The Bitcoin bull run has been frantic. Taking a moment to breathe probably isn’t a bad idea.
Total market capitalization for crypto has increased by $100 billion in the last 48 hours. Today, though, that excitement has been tempered somewhat.
Bitcoin is down a little more than half a percent, settling around $22,600. XRP, the third largest cryptocurrency by market cap, took the biggest hit, down nearly 12% and trading just above $0.50.
Bitcoin still bullish
Although Bitcoin is currently in uncharted territory after setting a new all-time high and breaking through the psychological barrier of $23,000, the cryptocurrency is once again returning to calm waters.
Bitcoin almost hit the $24,000 milestone, but has since pulled back a bit. It got as low as $22,329 today before settling into its current price.
But even with this minor slide, Bitcoin remains bullish. It’s relative strength index (a metric that measures demand among buyers and sellers) suggests there’s still a strong appetite for the crypto asset.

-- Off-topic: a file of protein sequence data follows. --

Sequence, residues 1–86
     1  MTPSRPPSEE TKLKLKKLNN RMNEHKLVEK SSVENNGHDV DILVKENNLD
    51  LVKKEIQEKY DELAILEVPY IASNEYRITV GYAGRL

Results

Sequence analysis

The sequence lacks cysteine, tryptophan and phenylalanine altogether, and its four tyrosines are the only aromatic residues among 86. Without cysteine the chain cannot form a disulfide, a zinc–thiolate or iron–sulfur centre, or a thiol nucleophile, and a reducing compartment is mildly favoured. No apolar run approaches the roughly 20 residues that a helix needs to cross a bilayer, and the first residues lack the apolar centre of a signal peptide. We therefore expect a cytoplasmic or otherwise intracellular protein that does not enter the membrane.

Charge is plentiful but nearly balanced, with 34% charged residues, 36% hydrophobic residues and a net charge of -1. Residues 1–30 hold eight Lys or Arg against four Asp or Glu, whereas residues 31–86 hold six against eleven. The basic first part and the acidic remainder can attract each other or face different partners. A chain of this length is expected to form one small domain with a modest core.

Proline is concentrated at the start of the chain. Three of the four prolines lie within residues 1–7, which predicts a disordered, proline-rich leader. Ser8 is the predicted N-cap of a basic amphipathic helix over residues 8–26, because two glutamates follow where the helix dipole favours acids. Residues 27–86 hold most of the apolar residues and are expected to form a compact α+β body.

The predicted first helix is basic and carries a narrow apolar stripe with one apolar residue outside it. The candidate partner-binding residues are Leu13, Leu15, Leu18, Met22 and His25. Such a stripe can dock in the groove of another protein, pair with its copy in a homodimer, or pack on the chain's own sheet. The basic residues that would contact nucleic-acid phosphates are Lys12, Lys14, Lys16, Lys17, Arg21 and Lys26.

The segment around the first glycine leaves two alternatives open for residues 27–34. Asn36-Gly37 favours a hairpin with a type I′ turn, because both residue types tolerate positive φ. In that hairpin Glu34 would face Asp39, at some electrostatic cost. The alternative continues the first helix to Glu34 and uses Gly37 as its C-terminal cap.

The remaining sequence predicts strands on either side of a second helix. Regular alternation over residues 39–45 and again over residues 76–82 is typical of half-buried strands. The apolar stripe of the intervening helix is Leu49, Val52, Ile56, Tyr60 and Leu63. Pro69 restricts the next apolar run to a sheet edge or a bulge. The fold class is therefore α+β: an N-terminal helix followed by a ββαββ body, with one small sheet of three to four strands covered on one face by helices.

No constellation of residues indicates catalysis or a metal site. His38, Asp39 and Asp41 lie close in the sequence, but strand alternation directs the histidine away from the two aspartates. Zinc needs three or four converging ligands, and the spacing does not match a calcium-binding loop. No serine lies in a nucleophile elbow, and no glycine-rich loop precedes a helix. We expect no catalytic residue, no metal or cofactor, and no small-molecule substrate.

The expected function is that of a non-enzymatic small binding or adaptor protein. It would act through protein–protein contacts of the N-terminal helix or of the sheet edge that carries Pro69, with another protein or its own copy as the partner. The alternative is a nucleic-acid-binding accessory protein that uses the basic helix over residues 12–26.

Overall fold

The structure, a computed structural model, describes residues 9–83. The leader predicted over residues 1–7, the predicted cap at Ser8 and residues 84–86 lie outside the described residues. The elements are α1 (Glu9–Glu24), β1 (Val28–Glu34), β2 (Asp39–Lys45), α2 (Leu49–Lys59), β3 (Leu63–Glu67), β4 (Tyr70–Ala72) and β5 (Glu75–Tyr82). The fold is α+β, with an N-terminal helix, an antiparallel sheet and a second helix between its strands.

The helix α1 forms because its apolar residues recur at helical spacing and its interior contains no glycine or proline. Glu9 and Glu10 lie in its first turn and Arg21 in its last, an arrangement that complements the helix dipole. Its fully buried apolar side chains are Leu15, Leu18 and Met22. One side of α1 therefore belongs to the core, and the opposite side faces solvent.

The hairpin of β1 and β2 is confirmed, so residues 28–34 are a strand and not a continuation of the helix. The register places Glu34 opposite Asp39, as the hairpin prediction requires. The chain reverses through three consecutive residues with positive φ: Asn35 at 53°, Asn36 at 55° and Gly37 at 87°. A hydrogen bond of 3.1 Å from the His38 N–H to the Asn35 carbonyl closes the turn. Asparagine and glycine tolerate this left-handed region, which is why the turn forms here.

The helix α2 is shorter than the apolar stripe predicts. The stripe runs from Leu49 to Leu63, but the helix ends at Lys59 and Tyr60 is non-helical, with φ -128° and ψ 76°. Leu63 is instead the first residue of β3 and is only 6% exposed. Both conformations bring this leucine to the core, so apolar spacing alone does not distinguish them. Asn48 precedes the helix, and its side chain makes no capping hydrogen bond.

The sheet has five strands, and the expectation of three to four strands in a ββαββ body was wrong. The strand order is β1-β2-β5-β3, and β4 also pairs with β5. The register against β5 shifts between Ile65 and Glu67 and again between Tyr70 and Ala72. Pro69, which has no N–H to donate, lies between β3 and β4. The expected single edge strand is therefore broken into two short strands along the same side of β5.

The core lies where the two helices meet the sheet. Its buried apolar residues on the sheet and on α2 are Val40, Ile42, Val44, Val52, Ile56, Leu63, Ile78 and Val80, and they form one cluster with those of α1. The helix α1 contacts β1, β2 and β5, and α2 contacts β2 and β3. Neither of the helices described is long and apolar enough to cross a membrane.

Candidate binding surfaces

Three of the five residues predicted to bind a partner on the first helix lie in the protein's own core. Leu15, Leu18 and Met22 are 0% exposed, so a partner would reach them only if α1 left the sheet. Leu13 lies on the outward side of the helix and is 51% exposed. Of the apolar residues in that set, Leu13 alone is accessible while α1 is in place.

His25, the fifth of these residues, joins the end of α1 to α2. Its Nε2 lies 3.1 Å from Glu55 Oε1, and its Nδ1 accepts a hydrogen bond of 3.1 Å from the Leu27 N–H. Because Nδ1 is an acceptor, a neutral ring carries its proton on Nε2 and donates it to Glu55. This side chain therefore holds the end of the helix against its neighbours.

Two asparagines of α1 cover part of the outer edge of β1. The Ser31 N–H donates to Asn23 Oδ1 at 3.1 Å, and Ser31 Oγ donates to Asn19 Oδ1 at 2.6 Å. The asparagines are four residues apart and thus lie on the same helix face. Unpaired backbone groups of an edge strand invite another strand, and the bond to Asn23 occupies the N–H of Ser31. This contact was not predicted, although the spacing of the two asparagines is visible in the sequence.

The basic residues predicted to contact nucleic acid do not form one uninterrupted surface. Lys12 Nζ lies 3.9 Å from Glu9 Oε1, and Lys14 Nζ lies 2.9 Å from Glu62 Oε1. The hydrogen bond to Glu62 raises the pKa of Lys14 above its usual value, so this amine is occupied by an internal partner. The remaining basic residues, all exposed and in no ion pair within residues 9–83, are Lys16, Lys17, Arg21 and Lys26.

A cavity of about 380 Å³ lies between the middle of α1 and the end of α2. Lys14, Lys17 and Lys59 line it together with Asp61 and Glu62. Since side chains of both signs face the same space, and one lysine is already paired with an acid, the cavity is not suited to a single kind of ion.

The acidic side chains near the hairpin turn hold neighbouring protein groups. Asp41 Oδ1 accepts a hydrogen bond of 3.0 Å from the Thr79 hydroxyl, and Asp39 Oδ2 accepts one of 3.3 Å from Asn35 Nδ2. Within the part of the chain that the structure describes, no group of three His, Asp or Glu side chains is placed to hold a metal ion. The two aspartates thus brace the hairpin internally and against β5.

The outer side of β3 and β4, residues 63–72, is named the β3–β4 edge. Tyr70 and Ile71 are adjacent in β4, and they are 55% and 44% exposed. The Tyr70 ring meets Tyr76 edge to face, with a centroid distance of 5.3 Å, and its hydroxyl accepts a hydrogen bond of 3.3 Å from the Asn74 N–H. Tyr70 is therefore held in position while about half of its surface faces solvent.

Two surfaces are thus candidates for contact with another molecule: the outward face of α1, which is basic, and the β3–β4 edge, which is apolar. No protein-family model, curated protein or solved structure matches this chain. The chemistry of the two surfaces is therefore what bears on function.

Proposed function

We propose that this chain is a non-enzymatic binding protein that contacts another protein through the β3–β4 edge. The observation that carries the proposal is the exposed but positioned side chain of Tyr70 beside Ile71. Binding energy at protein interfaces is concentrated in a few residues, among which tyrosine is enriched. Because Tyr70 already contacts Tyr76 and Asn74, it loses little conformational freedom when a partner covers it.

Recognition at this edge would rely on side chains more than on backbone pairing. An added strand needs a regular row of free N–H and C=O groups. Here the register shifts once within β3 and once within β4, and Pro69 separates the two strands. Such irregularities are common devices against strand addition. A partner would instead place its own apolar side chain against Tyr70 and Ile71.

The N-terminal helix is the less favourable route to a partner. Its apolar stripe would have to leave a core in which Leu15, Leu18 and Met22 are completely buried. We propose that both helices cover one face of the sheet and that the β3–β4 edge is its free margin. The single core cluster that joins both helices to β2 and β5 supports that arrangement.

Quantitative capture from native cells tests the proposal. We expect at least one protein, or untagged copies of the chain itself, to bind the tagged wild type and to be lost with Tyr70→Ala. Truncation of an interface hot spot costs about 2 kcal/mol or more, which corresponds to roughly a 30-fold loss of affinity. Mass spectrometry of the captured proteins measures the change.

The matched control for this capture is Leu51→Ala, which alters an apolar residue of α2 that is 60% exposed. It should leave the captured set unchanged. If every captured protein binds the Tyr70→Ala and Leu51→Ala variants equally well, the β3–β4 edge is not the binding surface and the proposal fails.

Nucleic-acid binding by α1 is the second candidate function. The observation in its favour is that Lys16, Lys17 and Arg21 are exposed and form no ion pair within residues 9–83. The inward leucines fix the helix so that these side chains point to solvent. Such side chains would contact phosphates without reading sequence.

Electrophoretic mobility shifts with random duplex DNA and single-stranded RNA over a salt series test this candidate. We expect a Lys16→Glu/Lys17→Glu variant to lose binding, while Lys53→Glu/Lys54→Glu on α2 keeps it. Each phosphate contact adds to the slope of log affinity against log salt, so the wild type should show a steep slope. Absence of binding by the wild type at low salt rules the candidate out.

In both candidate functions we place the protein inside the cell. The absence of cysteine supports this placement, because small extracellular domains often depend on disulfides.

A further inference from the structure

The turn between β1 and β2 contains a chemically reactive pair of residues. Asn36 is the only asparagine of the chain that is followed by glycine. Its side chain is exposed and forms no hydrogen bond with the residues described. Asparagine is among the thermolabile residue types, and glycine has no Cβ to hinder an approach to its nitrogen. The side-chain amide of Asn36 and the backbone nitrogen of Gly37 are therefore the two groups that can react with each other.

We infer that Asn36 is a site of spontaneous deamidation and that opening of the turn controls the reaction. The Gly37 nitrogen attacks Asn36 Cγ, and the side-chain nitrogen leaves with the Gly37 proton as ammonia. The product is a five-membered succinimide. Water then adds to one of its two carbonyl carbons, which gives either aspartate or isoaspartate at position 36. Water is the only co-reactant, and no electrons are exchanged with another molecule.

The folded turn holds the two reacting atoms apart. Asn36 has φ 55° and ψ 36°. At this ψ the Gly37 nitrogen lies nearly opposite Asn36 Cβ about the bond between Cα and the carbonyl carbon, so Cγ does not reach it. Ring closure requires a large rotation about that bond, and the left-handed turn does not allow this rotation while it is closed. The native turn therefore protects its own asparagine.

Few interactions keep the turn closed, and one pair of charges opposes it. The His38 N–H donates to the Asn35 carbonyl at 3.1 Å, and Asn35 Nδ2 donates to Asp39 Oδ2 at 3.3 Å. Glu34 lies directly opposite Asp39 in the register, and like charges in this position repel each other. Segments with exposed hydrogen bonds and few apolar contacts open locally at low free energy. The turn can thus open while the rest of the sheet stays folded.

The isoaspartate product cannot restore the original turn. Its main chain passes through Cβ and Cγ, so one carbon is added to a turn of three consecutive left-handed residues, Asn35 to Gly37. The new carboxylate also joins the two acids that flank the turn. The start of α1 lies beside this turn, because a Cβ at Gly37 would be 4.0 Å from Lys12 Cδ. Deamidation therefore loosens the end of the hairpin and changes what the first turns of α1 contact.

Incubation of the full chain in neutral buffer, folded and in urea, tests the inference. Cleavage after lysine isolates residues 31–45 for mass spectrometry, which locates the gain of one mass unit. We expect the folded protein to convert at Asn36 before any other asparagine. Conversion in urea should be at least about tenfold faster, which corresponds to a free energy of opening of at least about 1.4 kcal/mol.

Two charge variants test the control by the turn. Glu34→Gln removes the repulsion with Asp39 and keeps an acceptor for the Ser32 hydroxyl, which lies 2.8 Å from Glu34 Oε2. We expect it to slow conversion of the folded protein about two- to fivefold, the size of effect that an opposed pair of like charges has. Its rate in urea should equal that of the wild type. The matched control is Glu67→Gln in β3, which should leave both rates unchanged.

The Crypto Fear and Greed Index confirms this sentiment, showing that there's extreme greed in the markets, with greediness among traders currently at 95 on a scale of 1 to 100.
Holders are likely hoping they stay greedy.
XRP crashed, but it could be much worse
Meanwhile, Ripple’s XRP suffered a relatively significant drop in price today following a huge upswing earlier this month.
As noted previously, the Flare Network Spark airdrop, which promised free crypto to anyone holding XRP at an eligible exchange, led to renewed excitement around the third-most popular crypto.
The price of XRP spiked in the days preceding the airdrop, but then dropped right back down again after the airdrop and the hype around it ended.
Since then, though, the token recovered, and jumped from $0.46 to $0.66, right around the time Bitcoin reached its new all-time high price.
Unlike Bitcoin, however, it hasn’t succeeded in maintaining that momentum. Still, even at just $0.57 per coin, that’s still 194% more than XRP was worth at the start of the year.
The views and opinions expressed by the author are for informational purposes only and do not constitute financial, investment, or other advice.